The funny thing — and I didn’t know this at the time — is that there is no goal, there is no “place go to.” In meditation, the only thing you need to do, is sit in silence.
I had dinner with a friend last night, and we were talking about how it’s not always easy to be disciplined in our meditation practice, thus the concept of discipline. She said something that really clicked. She said, “I just physically walk myself over to my meditation spot, and make myself sit down.” Genius. Whether or not you have a regular asana (yoga pose) and meditation practice, you know that even if you don’t feel like it, you always feel better after you’ve done it. It’s true. I’ve never felt worse after I’ve pushed myself to flow through my practice or meditate. Sure, I might have a cleansing cry or a flood of thoughts bombard my mind, but that’s the point of meditating — sitting still long enough for the purification to happen. Continue reading
In the first two posts of this series, I talked about the yamas or “laws of life” and the niyamas or “rules for living,” so now we come to pranayama and meditation, both of which flow through and are essential for the previous two limbs. When I was going through teacher training and we learned about each yama and niyama, I started to feel anxious thinking about all of the work I had to do to change myself. I had this mental checklist running through my head. As I began to examine the deeper meanings behind the yamas, such as violence which can be as subtle as thinking a harsh thought towards someone who is making your life difficult at work, I really started to panic.
When you really dissect all of the subtle ways we can be “in violation” of these universal moralities and personal observances, it can quickly become a challenge to stay present and not judge yourself. So, I read more and listened more and started to see that simply ‘noticing’ when I’m in a situation in which I have an opportunity to practice non-violence or moderation, my actions naturally began to shift. Add pranayama and meditation to the mix, and these qualities of living a yogic life begin to arise unconsciously; they become part of your DNA.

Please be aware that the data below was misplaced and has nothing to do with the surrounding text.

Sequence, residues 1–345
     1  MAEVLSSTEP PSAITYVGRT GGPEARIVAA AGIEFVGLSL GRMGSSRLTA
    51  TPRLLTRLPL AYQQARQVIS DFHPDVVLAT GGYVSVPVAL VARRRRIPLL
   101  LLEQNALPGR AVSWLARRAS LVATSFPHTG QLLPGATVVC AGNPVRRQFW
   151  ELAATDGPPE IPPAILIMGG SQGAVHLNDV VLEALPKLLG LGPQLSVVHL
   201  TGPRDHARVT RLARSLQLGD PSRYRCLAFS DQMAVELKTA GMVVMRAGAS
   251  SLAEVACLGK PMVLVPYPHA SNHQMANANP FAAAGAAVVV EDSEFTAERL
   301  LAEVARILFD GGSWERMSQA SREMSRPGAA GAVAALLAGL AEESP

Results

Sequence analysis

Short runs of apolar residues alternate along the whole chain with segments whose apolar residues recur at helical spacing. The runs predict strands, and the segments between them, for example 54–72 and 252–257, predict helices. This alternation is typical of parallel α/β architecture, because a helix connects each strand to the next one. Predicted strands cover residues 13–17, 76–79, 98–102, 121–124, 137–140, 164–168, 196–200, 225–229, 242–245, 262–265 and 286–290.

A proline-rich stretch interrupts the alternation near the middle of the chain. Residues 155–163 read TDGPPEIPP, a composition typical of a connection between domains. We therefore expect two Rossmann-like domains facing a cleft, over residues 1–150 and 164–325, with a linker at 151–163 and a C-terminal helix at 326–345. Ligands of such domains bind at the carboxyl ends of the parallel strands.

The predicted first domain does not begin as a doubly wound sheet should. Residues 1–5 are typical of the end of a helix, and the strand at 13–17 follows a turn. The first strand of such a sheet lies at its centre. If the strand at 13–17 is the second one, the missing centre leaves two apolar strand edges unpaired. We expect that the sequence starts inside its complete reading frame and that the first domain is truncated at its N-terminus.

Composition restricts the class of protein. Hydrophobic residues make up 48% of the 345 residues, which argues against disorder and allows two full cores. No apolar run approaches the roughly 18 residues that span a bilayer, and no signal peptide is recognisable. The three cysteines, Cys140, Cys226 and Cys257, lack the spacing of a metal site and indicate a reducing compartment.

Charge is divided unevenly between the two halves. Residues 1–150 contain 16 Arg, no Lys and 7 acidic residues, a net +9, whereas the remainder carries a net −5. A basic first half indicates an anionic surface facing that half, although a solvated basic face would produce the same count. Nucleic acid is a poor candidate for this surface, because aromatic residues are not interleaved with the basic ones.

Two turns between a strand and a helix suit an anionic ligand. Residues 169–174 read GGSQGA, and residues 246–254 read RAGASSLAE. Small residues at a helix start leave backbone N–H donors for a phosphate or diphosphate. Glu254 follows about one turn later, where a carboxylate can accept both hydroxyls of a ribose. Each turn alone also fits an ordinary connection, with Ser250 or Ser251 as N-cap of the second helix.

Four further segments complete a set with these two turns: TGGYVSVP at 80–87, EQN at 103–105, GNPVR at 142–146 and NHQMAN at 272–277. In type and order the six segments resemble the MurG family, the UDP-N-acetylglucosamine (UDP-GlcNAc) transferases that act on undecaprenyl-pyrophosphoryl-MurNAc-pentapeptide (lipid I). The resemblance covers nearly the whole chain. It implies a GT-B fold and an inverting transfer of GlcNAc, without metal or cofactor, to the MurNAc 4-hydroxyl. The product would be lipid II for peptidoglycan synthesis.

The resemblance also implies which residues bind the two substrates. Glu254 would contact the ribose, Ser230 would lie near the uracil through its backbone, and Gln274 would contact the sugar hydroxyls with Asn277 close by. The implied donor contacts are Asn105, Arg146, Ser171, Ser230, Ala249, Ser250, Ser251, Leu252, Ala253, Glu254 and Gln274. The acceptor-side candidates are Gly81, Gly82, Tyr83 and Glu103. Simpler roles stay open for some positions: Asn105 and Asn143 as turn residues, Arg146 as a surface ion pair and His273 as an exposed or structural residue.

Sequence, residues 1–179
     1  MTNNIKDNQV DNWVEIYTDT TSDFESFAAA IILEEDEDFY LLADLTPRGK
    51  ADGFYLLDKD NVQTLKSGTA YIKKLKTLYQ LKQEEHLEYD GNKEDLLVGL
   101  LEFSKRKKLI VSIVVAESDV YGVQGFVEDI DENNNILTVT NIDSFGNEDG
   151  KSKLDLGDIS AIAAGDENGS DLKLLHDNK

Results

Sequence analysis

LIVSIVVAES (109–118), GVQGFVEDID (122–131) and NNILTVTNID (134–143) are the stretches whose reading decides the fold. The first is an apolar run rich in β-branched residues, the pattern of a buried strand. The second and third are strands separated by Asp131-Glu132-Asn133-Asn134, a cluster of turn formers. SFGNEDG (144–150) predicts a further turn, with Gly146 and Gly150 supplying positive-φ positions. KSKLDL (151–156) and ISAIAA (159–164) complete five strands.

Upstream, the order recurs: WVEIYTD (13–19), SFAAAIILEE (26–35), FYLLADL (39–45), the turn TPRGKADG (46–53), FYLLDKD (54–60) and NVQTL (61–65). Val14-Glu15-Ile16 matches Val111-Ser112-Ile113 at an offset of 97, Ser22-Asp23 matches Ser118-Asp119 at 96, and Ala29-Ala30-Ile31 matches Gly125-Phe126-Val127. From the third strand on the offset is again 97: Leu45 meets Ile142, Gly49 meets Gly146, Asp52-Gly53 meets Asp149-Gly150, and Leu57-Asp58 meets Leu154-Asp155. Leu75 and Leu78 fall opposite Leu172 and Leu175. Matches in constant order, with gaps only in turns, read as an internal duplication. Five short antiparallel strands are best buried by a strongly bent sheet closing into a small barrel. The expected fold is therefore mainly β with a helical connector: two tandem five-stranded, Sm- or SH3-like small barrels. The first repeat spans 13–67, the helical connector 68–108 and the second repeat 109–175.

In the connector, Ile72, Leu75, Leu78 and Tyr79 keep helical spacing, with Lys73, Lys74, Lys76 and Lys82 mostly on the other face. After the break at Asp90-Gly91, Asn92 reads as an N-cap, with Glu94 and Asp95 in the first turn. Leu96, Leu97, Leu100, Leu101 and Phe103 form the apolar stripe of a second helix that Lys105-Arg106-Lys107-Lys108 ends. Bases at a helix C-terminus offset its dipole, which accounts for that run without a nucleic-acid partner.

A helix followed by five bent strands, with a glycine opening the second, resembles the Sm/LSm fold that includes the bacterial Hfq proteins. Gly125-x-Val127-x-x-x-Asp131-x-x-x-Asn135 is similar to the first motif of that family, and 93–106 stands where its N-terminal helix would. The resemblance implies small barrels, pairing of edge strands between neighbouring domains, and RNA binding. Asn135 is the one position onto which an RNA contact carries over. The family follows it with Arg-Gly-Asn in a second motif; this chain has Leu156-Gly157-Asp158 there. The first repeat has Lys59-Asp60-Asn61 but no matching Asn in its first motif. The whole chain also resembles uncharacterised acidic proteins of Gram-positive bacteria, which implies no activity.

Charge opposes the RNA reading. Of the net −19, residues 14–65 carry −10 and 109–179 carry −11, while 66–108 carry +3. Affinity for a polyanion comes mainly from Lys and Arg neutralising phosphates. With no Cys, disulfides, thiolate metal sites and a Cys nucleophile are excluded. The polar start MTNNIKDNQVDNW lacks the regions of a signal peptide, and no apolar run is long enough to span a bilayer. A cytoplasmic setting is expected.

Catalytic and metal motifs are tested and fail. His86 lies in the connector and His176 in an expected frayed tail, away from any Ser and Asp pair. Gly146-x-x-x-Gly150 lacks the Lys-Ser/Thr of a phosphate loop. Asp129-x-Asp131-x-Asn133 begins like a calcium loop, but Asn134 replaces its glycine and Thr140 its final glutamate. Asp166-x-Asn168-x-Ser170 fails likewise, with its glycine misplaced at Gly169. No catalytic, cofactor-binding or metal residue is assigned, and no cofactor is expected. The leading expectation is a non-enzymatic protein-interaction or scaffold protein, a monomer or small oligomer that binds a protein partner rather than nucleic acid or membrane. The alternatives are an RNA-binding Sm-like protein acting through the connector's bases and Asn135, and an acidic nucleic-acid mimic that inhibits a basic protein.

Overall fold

Imagine for a moment that you could do absolutely nothing and it would bring you peace. Now, stop imagining and realize it’s already within you. Deep silence and spaciousness reside within you. With that silence, comes stillness, and with stillness comes peace.
Patanjali says, “Yoga is the settling of the mind into silence.” But, yoga goes beyond the poses we flow through – sometimes disconnectedly – on our mat. When we are present in our physical practice, the mind begins to quiet. An inner stillness endeavors to take over. Don’t stop it.
There’s a beautiful quote by Eckhart Tolle that I try to remember when I feel myself becoming frantic and frantically living in the mind, “When you lose touch with inner stillness, you lose touch with yourself. When you lose touch with yourself, you lose yourself in the world.”
But, we can live that presence and find that stillness beyond the mat. Begin to regularly bring awareness to the silence between – the silence between yoga postures, between words in a conversation, between music notes, between raindrops, between breaths. Notice a wave of calm, if even for a brief moment, that comes over you when you experience the silence between. This is stillness coming into being.
When you witness the silence between, you witness the stillness within.
– Your Charmed Yogi